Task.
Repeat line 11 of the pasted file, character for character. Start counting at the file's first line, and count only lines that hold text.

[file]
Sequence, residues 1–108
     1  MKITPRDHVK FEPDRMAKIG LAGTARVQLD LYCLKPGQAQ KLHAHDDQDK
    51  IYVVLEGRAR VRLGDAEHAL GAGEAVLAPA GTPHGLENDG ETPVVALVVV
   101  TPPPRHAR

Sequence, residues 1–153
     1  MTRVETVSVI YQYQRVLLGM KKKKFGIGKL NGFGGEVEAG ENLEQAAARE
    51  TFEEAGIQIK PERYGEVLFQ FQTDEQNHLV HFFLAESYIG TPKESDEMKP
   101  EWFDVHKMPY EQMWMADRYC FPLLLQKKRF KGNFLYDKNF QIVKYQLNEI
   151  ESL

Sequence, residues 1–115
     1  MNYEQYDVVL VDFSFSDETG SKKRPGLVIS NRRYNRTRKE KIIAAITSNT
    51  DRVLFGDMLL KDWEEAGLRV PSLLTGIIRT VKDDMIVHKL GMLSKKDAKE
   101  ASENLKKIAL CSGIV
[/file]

     1  MNYEQYDVVL VDFSFSDETG SKKRPGLVIS NRRYNRTRKE KIIAAITSNT